Theophilus is the guy for whom Luke wrote the Gospel of Luke and the book of Acts. (Luke 1:3 and Acts 1:1) Theophilus means ‘Lover of God’ so, if you love God, it was written for you!

Dear Theophilus… Nov 2016

Dear Theophilus

OLYMPUS DIGITAL CAMERAIf there is one thing, above everything else, that for me heralds the arrival of winter, it is altering the clocks. The dark evenings and the nights drawing in seem to close everything down, as our lives resemble the world outside our drawn curtains.

For some of us the physical darkness can also pitch us into a time of emotional darkness, and for all of us there are times in our lives when disappointment or sadness seems to envelop our souls in a cloak of darkness.

It is in these times of darkness, whether they are physical, emotional or spiritual, that it is good to remind ourselves that Jesus came as the light of the world. A light that, as we so often read about at Christmas, shines in the darkness and the darkness cannot put it out (John 1:5).

The challenge for all of us, though, is to let this light shine out of us and bring light to others who also walk in some form of darkness. For not only did Jesus say ‘I am the light of the world’, he also said ‘You are the light of the world’ (Matthew 5:1). Each of us in who has received the light of Christ into our lives becomes a light that can illuminate someone else’s path.

And we don’t have to be anything special for this to happen. The singer songwriter Leonard Cohen wrote ‘There is a crack in everything, that’s how the light gets in’ and St Paul wrote ‘We have this treasure in jars of clay, that the all-surpassing power is from God and not from us’. God’s grace is such that he is pleased to let his light shine into the cracked pots that are our lives, and for that light to then shine out of our cracked pots into the world around us. The only proviso seems to be that we continue to keep the light of God alive in our hearts. In a parable about servants waiting for their master to return, Jesus urges us to keep our lamps burning (Luke 12:35). We do this by continually coming to God to receive forgiveness for the things we do wrong and to be filled afresh with his Holy Spirit.

Let your light so shine before others, that they may see your good works, and glorify your Father which is in heaven (Matthew 5:16)

David

Theophilus is the guy for whom Luke wrote the Gospel of Luke and the book of Acts. (Luke 1:3 and Acts 1:1) Theophilus means ‘Lover of God’ so, if you love God, it was written for you!

Dear Theophilus…Oct 2016

Dear TheophilusOLYMPUS DIGITAL CAMERAIn Luke chapter 10 Jesus tells us one of the most familiar parables in the bible, the parable about the Good Samaritan. Jesus tells this parable to answer the question ‘Who is my neighbour?’ and much is preached about the need to care for others, regardless of race, faith or social status. But it is also a parable about healing. It is a story about someone going about their daily life, travelling from one town to another, when they get attacked, stripped, beaten up and left for dead.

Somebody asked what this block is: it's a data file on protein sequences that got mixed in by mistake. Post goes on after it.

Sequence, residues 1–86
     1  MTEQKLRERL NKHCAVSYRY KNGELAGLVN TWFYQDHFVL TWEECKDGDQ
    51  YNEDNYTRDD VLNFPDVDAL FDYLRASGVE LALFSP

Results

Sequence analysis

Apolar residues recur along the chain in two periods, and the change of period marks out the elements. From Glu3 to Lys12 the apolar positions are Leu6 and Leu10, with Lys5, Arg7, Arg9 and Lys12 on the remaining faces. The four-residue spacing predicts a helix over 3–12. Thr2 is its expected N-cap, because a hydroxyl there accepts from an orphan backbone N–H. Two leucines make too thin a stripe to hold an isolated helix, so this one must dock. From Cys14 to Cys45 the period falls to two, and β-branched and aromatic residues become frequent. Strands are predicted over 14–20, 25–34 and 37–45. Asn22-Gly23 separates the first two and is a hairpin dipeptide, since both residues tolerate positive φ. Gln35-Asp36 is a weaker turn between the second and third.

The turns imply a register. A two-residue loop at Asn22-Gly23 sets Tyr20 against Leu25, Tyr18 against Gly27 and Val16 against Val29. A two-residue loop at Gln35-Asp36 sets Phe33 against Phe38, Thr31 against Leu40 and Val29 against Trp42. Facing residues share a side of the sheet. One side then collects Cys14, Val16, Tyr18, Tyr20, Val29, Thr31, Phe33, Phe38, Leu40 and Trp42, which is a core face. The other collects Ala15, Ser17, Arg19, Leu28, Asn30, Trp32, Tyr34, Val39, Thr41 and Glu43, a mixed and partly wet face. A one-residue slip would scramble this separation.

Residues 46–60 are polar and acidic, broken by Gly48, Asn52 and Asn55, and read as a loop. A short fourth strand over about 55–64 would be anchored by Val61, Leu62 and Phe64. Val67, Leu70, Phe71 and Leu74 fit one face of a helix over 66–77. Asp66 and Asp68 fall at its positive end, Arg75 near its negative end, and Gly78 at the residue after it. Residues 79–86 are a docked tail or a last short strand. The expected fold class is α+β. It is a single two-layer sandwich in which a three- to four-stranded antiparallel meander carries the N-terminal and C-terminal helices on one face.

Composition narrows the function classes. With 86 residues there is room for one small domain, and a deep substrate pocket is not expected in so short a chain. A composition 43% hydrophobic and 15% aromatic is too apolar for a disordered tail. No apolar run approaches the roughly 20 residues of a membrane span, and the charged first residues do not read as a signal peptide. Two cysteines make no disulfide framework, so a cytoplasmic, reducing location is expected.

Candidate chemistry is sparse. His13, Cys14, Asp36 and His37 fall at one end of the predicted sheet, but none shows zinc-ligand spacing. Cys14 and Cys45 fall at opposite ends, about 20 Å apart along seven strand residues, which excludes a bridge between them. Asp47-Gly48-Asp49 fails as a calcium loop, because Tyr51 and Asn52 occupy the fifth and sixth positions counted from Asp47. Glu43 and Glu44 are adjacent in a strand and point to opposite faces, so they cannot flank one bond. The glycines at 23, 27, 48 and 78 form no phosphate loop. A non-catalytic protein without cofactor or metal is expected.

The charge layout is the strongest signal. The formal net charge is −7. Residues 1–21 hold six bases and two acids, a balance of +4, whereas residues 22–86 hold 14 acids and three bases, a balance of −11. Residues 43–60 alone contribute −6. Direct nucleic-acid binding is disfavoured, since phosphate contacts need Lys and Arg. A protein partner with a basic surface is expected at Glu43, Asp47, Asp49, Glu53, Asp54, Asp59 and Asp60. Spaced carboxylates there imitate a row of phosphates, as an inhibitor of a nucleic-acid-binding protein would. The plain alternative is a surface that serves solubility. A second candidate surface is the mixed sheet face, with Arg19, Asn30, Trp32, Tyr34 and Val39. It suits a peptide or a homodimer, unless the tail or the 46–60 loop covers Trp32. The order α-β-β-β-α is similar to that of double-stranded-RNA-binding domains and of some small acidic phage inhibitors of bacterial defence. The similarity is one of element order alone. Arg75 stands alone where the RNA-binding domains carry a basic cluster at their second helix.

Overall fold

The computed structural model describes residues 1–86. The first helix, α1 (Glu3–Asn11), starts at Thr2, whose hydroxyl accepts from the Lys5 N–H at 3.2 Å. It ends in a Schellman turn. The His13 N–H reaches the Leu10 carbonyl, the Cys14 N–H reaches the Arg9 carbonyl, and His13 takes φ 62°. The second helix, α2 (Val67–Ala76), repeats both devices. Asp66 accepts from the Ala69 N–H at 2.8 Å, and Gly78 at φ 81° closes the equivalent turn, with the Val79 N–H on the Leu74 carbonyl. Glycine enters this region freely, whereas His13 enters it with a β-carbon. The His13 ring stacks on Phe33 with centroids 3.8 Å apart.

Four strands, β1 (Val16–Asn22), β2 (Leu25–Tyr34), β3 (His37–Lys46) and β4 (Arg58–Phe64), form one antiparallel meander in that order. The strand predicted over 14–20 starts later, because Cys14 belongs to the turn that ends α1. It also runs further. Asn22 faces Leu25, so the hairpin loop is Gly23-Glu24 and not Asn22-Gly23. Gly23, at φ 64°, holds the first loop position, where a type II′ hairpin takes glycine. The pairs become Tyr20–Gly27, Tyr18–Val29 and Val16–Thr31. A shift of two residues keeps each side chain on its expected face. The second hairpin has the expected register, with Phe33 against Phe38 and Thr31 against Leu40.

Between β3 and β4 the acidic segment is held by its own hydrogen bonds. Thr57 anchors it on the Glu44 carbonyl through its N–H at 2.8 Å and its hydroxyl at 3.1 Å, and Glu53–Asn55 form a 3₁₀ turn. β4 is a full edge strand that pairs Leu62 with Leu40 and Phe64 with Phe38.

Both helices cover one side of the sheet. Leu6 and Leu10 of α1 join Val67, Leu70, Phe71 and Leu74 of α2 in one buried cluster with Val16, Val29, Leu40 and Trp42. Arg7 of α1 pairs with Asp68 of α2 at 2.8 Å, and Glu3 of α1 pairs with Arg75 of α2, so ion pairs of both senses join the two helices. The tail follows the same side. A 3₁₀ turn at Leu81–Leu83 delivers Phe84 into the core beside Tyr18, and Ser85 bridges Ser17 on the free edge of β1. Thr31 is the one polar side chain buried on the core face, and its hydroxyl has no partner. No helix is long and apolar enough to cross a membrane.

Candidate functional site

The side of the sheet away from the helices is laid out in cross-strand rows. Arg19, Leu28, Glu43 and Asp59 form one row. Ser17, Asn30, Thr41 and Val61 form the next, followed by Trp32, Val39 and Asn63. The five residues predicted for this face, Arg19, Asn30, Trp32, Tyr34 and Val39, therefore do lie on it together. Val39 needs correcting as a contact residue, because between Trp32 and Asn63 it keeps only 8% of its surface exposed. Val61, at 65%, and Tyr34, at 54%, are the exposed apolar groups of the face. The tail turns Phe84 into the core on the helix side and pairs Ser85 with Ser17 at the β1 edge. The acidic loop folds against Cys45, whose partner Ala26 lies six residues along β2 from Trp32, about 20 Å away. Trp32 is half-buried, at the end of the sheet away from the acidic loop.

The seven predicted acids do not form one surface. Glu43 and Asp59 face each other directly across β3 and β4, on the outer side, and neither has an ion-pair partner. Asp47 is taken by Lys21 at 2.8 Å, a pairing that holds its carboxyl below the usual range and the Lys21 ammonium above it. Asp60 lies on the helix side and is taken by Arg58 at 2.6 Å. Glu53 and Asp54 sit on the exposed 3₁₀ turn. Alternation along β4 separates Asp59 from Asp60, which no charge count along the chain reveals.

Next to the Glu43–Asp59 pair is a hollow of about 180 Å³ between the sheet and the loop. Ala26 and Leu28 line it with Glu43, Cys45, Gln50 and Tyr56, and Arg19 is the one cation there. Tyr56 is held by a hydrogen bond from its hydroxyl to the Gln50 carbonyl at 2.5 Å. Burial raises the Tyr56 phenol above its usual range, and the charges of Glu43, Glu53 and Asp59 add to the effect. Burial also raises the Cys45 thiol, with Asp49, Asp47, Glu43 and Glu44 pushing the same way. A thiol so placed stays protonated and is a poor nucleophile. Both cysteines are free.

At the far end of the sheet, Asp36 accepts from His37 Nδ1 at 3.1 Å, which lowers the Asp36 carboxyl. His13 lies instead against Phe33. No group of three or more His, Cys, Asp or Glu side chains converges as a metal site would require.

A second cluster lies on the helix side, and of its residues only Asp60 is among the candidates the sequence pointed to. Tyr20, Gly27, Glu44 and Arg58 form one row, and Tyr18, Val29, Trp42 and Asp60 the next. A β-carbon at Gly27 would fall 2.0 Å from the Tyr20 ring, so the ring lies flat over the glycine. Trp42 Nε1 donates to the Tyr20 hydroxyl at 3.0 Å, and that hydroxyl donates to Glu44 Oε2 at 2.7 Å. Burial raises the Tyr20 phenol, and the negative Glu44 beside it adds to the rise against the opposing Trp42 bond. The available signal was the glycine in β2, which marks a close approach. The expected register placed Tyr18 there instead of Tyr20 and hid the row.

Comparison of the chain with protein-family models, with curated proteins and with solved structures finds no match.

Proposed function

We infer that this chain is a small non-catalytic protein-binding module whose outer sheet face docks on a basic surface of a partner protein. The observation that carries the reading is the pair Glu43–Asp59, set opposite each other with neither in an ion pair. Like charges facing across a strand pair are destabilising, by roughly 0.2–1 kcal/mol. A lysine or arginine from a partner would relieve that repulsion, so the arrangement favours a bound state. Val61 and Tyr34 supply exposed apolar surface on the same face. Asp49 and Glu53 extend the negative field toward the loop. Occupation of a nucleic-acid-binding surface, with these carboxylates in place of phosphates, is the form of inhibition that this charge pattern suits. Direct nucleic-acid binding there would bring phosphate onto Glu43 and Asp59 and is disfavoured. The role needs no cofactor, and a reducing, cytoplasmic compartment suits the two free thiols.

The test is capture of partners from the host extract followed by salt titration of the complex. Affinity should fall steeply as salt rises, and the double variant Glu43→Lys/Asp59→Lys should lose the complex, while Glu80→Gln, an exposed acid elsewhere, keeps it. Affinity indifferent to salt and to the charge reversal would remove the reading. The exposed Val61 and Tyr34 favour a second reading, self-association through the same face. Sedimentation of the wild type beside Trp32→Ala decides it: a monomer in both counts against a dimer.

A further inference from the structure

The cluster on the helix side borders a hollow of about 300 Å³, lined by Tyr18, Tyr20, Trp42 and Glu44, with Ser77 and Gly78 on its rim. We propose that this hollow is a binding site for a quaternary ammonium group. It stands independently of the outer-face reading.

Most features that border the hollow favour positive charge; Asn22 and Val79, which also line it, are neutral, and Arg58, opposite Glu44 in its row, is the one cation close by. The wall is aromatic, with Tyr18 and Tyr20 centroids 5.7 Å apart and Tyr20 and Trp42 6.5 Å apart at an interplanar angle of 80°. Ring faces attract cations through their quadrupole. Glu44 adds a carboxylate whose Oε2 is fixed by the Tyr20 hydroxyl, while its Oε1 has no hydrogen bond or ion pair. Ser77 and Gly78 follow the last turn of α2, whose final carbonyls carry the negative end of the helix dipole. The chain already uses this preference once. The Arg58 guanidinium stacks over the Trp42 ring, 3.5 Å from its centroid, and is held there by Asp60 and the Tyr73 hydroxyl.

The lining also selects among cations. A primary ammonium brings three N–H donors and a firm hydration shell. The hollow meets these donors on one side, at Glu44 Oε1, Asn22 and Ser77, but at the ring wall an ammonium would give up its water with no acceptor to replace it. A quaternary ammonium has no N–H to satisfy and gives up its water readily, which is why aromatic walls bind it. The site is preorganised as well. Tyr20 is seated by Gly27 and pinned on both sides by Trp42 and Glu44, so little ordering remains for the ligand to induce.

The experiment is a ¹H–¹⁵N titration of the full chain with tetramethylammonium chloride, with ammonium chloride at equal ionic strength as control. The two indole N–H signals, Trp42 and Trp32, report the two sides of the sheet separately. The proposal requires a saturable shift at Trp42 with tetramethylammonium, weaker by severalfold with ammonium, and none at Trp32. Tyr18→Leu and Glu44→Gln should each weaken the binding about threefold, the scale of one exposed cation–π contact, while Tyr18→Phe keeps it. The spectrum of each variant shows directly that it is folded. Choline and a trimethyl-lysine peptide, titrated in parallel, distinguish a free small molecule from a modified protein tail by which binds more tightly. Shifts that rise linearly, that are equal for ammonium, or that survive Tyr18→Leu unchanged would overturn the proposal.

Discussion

The victim is eventually discovered by a stranger and the process of healing begins. Firstly oil and wine are poured onto the wounds and then the wounds are bandaged up. The victim is then put on the rescuer’s donkey and taken to an inn where they are nursed back to health. They are then left in the care of the inn keeper, all expenses paid, until the rescuer returns when, we assume, a full recovery will have been made.

Could you now imagine yourself in the story? Could you be the traveller going about your normal daily life? Something happens to you and you end up feeling naked, beaten up and left for dead. I’m sure there are times in our lives, past or present, when we have felt like that. Who is your Good Samaritan? What is involved in the healing process for you?

Can you see Jesus as your Good Samaritan, rescuing you from the pitfalls of life? Can you see the wine and the oil as the ministry of prayer and of the Holy Spirit as you go on your journey of recovery? Could the church be a place where you find restoration and wholeness?

But this story works on many different levels. Could you be the Good Samaritan? Is there someone on your journey who has been beaten up by life? Could you help to rescue them, bind up their wounds, minister to their needs and take them to a safe place to recover? Or could you be the inn keeper, ready to receive those who need encouraging on the road to a full recovery? Or could you go back out onto the highways of life and rescue others as you wait for the Good Samaritan to return?